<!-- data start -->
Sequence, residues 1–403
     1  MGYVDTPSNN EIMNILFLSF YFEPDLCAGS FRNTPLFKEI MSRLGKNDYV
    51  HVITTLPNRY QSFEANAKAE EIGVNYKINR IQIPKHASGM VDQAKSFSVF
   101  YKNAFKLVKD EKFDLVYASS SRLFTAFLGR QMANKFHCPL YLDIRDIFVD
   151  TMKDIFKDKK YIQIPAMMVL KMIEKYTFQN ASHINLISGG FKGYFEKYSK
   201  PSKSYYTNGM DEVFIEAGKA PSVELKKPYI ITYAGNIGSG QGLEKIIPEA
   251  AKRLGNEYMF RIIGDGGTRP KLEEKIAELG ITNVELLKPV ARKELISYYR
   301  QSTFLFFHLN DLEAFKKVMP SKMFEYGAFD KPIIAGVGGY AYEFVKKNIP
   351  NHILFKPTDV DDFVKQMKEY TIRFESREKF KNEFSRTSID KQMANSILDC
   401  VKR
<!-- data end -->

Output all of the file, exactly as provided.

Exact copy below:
Sequence, residues 1–403
     1  MGYVDTPSNN EIMNILFLSF YFEPDLCAGS FRNTPLFKEI MSRLGKNDYV
    51  HVITTLPNRY QSFEANAKAE EIGVNYKINR IQIPKHASGM VDQAKSFSVF
   101  YKNAFKLVKD EKFDLVYASS SRLFTAFLGR QMANKFHCPL YLDIRDIFVD
   151  TMKDIFKDKK YIQIPAMMVL KMIEKYTFQN ASHINLISGG FKGYFEKYSK
   201  PSKSYYTNGM DEVFIEAGKA PSVELKKPYI ITYAGNIGSG QGLEKIIPEA
   251  AKRLGNEYMF RIIGDGGTRP KLEEKIAELG ITNVELLKPV ARKELISYYR
   301  QSTFLFFHLN DLEAFKKVMP SKMFEYGAFD KPIIAGVGGY AYEFVKKNIP
   351  NHILFKPTDV DDFVKQMKEY TIRFESREKF KNEFSRTSID KQMANSILDC
   401  VKR